For the 1959 season, the team finished second by ½ game to Birmingham in the first half of the split season, and fifth in the second half. The combined record of 84-64 would have been good enough for third place had the season not been split into halves, and would have finished 5 ½ games out of first place.

Attendance increased by 37,000 to just over 129,000. With Sisler’s strong on-field leadership, and McCarthy’s front office skills, it should have been a perfect combination. But when Sisler was named manager of the Seattle Rainers (Pacific Coast League – Class AAA) and Bill McCarthy, concessions manager Bill Lambie, Jr., and trainer Chuck Swope all resigned[27], it was not because they had not performed well.

Sisler and McCarthy had grown to dislike each other.

“Sisler precipitated the explosion when he informed President Greer in Chicago that he would not consider returning as manager unless McCarthy was removed as general manager. Dick’s friends say McCarthy’s failure to provide players needed caused the rift. His detractors say Sisler wanted both jobs. The final result was elimination of both.”[28]

But the Vols, Inc. board of directors had one more ace up their sleeve. In a surprise move for everyone in organized baseball, on October 27, 1959, New York Yankees pitching coach Jim Turner was named field manager and general manager of the Nashville Vols for the 1960 season.

It was reported that Turner’s salary will be $17,500, and he would assume all duties previously performed by Sisler and McCarthy. Turner hired Bill Giles, Jr., the 25-year-old son of National League president Bill Giles to be his assistant, and Lem (Whitey) Larkin as operations supervisor.[29] Turner was expected to sell tickets, too, both by his presence and his efforts.

With a lineup that included Jim Maloney, Jack Baldschun, and Jim Bailey on the pitching staff, and Johnny Edwards behind the plate and future New York Met Rod Kanehl holding down the defense, the club won 71 and lost 82, and finished in sixth place.

When Gabe Paul, Cincinnati Reds vice-president and general manager, announced on August 29 that the Reds six-year working agreement would not be renewed with Nashville effective December 15, it was a blow to the local team.

The reason given by Paul is because the Southern Association “does not allow the use of Negro players”. It was enough for Jim Turner, especially when the club failed to draw 100,000, falling short by 279.

Vols, Inc. continued through 1961 with Joe Sadler and Cleo Miller as president, but when it was announced that through 21 home dates Nashville had drawn 19,228 fans for an average of 915 per game, and first-year general manager Bill Harbour estimated the team would have to approximate last year’s attendance of 99,721 to break even, the writing was on the wall. Nashville drew just over 500 fans a game.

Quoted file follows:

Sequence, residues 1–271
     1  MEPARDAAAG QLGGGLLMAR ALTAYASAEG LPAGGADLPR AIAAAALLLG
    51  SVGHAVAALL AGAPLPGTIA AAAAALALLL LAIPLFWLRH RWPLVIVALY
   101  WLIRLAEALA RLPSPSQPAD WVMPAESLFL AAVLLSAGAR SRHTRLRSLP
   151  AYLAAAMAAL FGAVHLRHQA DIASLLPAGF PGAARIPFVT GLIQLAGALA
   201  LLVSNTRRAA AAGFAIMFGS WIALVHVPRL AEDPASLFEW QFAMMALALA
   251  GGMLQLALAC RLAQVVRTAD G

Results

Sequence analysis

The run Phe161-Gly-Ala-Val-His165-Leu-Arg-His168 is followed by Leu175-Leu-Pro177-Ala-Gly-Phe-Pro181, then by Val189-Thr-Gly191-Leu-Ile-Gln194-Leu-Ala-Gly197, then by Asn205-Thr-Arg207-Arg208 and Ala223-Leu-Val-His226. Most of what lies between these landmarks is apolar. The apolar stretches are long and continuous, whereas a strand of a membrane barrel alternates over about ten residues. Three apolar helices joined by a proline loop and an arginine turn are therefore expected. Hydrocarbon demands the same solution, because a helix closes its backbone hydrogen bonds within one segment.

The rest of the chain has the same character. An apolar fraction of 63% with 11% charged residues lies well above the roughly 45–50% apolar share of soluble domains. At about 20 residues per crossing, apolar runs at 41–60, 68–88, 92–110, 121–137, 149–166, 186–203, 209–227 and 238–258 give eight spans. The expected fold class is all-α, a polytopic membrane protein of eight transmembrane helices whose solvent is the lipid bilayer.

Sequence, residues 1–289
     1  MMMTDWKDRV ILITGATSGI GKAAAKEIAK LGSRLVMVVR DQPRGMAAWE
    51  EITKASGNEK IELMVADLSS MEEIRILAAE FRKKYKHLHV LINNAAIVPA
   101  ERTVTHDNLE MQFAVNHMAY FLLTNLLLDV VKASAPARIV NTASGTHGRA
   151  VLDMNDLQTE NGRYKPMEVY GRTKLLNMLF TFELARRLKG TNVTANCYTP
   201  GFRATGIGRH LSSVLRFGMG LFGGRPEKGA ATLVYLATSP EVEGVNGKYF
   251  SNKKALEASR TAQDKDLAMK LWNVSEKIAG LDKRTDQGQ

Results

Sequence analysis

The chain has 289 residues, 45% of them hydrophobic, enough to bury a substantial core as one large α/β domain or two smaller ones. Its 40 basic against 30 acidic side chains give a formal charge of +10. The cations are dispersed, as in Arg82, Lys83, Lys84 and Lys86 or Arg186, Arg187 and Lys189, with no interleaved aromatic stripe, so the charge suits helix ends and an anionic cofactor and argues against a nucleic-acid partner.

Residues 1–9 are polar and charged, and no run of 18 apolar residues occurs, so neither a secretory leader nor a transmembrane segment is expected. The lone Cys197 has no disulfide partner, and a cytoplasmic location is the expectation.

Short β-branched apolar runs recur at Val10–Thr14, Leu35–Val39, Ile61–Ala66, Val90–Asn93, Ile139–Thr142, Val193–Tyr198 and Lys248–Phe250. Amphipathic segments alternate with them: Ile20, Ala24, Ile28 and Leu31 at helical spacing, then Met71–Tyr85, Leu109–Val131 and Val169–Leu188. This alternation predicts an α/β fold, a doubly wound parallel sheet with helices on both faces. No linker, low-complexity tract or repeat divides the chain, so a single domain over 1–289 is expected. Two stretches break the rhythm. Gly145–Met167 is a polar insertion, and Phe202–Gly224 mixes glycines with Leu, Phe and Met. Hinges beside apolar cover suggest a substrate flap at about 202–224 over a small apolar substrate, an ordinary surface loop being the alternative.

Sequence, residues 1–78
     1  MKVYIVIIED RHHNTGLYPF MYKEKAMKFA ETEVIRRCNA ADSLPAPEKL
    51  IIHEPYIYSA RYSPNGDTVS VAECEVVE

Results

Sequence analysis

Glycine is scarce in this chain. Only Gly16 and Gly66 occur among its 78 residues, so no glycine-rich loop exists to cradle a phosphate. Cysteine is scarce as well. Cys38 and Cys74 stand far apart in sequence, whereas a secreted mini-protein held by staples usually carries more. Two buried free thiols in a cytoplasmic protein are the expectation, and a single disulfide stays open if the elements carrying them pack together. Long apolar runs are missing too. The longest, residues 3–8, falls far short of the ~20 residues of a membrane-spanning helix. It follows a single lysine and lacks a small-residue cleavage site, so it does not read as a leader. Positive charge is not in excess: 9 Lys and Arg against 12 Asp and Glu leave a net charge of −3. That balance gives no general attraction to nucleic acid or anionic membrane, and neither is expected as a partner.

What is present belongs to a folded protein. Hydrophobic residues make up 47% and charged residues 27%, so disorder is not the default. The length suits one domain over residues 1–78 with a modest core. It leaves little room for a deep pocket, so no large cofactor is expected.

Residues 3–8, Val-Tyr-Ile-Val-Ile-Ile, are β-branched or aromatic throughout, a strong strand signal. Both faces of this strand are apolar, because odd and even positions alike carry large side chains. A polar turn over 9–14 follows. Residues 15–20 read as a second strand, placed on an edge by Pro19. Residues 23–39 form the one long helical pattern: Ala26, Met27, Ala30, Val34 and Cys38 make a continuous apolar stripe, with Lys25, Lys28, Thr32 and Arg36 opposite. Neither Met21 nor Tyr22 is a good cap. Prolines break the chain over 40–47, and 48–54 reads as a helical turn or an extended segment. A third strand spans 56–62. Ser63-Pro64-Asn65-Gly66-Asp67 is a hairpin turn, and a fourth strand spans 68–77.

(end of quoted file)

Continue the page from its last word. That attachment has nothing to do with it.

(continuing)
On January 24, 1962 the Southern Association suspended operations due to a lack of enough major league working agreements. Nashville was without a team in 1962.

Returning to organized baseball in 1963 as member of the South Atlantic League, after a one-year absence, the season began with a loss to Macon, 15-4. The opening day home game drew 7,987 Vols fans; that one game’s attendance would turn out to be 15% of the entire season’s draw.

But as the year ended facing a deficit of almost $22,000 on final season attendance figures of 52,812 fans, the directors of Vols, Inc. surrendered their South Atlantic League franchise without a dissenting vote. Board chairman Jack Norman assigned a committee to investigate the feasibility of retaining Sulphur Dell, which would mean a continuation of the corporation which owns the ballpark.

Sulphur Dell sat silent in 1964, but in 1965 Country Music star Faron Young led a group that purchased the ballpark and converted it into a race track. Sulphur Dell Speedways lasted only a few months, and Young’s syndicate turned the keys of the property back to Vols, Inc. and paid a rental fee.

With no prospects for a minor league franchise and with the neglected ballpark left with no upkeep, Vols, Inc. leased the property to the City of Nashville and it was used as a tow-in lot. The ballpark was razed in 1969 when Gregg Industries purchased the property for $255,000 from Vols, Inc. The intent was to construct a merchandise mart. When the mart was never built, the land stood idle for nearly fifty years until First Tennessee Park was built beginning in 2014.

On April 4, 1969, the Nashville Tennessean reported that Herschel Greer, now vice-president of the ownership group, said every Vols, Inc. stockholder would be paid 100-cents on the dollar, if they could provide a copy of their stock certificate.

As of March 1972, $50,000 was still on deposit in First American National Bank, most of it belonging to stockholders who had passed away, moved away, or had forgotten about their stock. Even if all of them claimed their ownership stake, there would still be $12,000 on hand for the corporation that still existed at that time even though it was out of business.In 13 years, some of the 4,876 investors received their money back – not a terrible investment that offered challenges at nearly every turn. But the challenge of the original issue of stock was a completely successful feat.

Epilogue: The grand experiment that was Vols, Inc., was a master plan for the future; but it was not the first.